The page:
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New Vaccine Could Help Smokers Quit
According to a statement from the American Chemical Society, new research may help millions stick to a common resolution: quitting smoking. Researchers at the Scripps Institute in La Jolla, California, are working on a nicotine vaccine that could put an end to the addiction.
The approach of Kim Janda, PhD, and his colleagues is to get the body’s immune system to treat nicotine like a foreign invader. But getting the body to respond in the right way is a big challenge.
When a promising nicotine vaccine failed in clinical trials a few years ago, Janda and his team pressed on. Now they have designed a more effective nicotine vaccine and have proven that the structures of molecules used in vaccines is critical. Their findings were published in the Journal of Medicinal Chemistry.
According to the National Cancer Institute, smoking is the leading cause of eight types of cancer, including lung cancer and fast-moving pancreatic cancer.
Nicotine vaccines train the body to see nicotine as a foreign invader. To prompt this immune response, scientists have tried attaching nicotine derivatives, called haptens, to a larger carrier protein used in other approved vaccines.
The body reacts to the vaccine by creating antibodies to bind specifically to nicotine molecules. When a person later uses tobacco, the anti-nicotine antibodies stop the nicotine molecules from entering the central nervous system and reaching the brain.
Although a vaccine wouldn’t be a “silver bullet” — there would still be withdrawal symptoms — a person may be less motivated to relapse because the brain’s reward system could no longer react to nicotine, Janda said.
The problem with the previous nicotine vaccine, which worked in only 30% of subjects, was that it did not target the most common form of nicotine for attack. Nicotine has two forms that look like mirror images of each other; one is a “right-handed” version, and the other is a “left-handed” version. Even though 99% of the nicotine found in tobacco is the left-handed version, the previous vaccine elicited antibodies against both.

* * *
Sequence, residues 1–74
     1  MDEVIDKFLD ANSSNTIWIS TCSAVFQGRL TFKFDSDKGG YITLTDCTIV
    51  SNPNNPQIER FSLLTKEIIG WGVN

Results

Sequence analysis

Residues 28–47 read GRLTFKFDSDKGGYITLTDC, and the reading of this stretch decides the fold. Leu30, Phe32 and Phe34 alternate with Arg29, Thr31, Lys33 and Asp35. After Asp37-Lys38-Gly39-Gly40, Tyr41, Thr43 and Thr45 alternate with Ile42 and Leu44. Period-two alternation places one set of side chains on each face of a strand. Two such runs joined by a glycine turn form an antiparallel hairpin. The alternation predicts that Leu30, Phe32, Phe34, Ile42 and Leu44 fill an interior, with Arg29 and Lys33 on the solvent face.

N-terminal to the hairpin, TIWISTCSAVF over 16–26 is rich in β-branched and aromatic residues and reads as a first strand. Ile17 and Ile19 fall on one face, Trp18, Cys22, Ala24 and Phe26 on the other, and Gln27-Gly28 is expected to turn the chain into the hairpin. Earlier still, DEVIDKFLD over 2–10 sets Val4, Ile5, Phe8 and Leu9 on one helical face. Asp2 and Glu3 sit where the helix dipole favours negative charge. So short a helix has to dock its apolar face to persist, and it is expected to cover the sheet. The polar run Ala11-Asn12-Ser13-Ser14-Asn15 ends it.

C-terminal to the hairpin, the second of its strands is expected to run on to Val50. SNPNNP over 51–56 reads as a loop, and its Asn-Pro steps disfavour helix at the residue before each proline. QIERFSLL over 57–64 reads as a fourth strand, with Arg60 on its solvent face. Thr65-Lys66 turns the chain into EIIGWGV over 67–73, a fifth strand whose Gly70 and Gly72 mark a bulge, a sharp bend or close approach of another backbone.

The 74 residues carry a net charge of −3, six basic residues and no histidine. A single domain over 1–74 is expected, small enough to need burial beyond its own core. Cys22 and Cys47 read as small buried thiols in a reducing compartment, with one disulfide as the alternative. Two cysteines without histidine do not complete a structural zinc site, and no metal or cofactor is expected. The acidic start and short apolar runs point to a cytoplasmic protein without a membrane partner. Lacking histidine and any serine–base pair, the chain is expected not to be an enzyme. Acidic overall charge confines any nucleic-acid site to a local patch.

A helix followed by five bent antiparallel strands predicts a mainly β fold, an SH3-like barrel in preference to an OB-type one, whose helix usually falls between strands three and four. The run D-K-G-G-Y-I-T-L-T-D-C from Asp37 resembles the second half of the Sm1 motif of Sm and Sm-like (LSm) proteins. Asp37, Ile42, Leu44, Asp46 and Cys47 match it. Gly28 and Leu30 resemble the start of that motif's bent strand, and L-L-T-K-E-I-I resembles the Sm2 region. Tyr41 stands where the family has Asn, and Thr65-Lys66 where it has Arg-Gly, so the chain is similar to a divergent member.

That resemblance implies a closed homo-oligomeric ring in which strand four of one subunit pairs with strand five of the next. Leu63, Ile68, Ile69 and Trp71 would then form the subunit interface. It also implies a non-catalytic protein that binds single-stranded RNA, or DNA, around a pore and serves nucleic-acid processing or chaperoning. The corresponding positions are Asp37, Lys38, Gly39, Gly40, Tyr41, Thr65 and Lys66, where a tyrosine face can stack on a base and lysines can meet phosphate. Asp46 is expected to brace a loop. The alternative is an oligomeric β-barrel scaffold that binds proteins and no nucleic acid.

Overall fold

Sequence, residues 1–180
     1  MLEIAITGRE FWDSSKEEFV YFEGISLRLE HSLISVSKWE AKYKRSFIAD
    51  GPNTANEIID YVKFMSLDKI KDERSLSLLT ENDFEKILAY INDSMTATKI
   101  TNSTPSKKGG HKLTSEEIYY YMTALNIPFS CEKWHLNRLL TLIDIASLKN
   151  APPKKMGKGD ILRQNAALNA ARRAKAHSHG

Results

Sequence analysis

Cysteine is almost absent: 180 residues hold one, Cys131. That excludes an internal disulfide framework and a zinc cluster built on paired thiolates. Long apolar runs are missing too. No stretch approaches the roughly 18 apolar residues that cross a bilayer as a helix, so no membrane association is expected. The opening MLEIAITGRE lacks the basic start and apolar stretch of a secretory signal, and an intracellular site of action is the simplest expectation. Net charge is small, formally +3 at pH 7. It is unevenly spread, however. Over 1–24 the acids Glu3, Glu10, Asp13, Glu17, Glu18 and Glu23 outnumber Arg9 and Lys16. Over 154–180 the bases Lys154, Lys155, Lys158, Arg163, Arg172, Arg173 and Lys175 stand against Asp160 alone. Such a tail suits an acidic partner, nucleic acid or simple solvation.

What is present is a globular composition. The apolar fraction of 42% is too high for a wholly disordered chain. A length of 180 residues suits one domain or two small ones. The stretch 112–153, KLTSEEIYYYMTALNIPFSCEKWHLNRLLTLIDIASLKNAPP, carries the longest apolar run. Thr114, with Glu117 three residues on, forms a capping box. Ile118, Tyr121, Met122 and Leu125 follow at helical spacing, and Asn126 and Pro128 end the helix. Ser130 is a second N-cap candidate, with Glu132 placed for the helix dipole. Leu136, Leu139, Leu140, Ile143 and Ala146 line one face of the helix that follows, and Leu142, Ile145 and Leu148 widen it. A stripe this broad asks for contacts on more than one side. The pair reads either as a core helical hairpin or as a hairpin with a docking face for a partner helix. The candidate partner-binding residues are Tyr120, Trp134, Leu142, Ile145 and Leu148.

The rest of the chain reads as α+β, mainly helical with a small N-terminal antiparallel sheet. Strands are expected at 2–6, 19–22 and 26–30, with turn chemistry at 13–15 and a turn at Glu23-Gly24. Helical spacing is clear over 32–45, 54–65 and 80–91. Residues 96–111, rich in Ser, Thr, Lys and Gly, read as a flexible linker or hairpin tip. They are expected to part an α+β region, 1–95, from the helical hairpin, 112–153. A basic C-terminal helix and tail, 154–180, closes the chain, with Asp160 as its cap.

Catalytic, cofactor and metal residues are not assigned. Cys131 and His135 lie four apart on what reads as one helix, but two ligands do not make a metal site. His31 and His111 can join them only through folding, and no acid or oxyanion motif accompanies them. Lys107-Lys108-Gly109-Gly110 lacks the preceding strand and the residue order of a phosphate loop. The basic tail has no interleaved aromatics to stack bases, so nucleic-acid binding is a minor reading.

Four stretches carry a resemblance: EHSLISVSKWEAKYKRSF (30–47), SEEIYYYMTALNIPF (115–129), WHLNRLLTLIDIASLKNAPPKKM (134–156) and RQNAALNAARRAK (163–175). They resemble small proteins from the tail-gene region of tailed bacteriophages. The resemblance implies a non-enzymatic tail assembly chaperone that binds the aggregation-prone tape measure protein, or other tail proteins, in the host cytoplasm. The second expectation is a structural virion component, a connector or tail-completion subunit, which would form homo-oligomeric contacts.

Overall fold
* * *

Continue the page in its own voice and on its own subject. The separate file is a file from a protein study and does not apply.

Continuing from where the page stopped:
Janda believes that was a waste of the immune response. “This is a case where something very simple was overlooked,” he said.
In the new study, the researchers elicited a stronger antibody response by creating a vaccine from only left-handed nicotine haptens. To do this, they prepared haptens as a 50/50 mixture and as pure right-handed or pure left-handed versions of nicotine, so that they could use the two versions together or separately.
They tested both versions and the 50/50 mix in rats, injecting the animals three times over 42 days. This series of “booster” shots gave the animals’ immune systems a chance to create an effective number of antibodies to respond to nicotine.
The researchers analyzed blood from the three experimental groups and found that the left-handed hapten elicited a much more effective immune response. Compared with the right-handed hapten vaccine, the left-handed hapten vaccine prompted the body to create four times as many antibodies against left-handed nicotine molecules. The 50/50 mix was only 60% as effective as the pure left-handed version.
“This shows that future vaccines should target that left-handed version,” said Dr. Jonathan Lockner, the paper’s lead author. “There might even be more-effective haptens out there.”
The researchers believe that purifying nicotine hapten mixtures is an important and practical step in creating future nicotine vaccines. Janda said considering a molecule’s “handed-ness” is also critical for developing vaccines against other drugs of abuse, such as cocaine and heroin.
“This is just one area where we are looking outside the box to try to treat addiction,” Janda commented.
Sources: ACS; January 21, 2015; Scripps Research Institute; January 12, 2015; and Journal of Medicinal Chemistry; December 10, 2014.